So funny you should ask, just this week my operations manager asked why I would say NO to a job?  My explanation: "if you know the request is not going to be good for the client and/or the designer (been there, done it and you know 100% it is not going to work) go with your gut." I went over the scenario with my operations manager and she understood and agreed. One of the hardest words to say for some, especially in business is the word "NO."

How has being an ASID member helped you? 

Very happy to be an ASID member. The benefits of being part of such a great group of people in the design field and able to share a common interest is priceless.

What would you be, if you weren't a designer?

At this point in my life, I couldn’t think of any other career—hands-down, Interior Designer.

To learn more about Vanessa DeLeon Associates visit:

Or follow her on Instagram:

December 2017

Hinako Nakagawa

Tell us what is new with Hinako.

What’s new is that I now call New York home. I relocated here two years ago after spending nine years as a set designer in one of Tokyo’s leading TV stations. It has been very exciting to be able to bring my experience in the entertainment industry to the interior design field. For the past few months I’ve been working at nemaworkshop and our team was recently invited by Renaissance Hotels to participate in a design challenge. Our design proposal was presented at BDNY (Boutique Design trade fair) along with proposals from other prominent architecture and design firms. The new programs of the Renaissance brand are highly innovative and allowed us to be very creative.  One of our groundbreaking ideas was the design of their concierge desk or a so-called discovery table. The table allows the guest to interact with the navigator (the concierge) and serves as an icebreaker between the guest and the hotel. The design included a massive marble table with overhead projection activated by the guests.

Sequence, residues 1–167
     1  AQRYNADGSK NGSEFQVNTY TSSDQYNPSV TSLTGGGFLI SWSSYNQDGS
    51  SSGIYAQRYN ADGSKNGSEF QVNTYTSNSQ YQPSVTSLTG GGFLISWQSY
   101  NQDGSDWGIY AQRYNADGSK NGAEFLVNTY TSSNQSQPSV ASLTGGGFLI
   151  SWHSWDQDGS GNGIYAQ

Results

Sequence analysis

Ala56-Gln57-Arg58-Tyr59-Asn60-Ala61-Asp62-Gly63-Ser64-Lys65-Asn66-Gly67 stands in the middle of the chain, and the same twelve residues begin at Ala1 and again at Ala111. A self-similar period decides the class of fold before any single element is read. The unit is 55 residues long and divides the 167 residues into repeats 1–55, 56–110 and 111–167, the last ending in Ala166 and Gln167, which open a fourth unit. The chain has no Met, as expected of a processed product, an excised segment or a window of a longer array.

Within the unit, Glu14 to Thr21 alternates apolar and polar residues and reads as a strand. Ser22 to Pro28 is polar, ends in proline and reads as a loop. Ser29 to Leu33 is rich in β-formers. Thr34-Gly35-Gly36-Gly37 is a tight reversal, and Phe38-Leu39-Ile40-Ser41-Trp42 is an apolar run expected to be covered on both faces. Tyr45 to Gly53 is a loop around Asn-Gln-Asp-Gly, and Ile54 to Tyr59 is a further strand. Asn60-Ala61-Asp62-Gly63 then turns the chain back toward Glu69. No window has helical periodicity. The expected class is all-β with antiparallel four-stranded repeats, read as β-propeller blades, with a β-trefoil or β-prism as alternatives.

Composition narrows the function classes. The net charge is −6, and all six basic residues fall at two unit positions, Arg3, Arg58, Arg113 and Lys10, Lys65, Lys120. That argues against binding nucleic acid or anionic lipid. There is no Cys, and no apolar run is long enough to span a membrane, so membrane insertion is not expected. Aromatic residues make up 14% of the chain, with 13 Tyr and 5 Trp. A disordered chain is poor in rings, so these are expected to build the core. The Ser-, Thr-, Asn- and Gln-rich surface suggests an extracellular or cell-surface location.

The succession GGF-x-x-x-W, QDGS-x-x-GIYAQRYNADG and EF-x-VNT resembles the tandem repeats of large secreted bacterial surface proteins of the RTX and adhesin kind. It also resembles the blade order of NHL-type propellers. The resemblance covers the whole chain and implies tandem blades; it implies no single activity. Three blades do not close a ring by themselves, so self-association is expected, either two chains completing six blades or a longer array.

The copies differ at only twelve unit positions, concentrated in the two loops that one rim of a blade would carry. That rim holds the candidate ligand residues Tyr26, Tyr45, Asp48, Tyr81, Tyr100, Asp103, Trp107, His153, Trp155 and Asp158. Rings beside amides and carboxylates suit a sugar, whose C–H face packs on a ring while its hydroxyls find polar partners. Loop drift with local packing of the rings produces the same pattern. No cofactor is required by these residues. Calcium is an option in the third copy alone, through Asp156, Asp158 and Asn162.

How did you find inspiration for this new project?

As a studio we paid close attention to the brand’s identity and to their core values which are discovery and play. Our design process started with story-telling by making study models. They helped rev up our inspiration and guaranteed that the final design would be meaningful.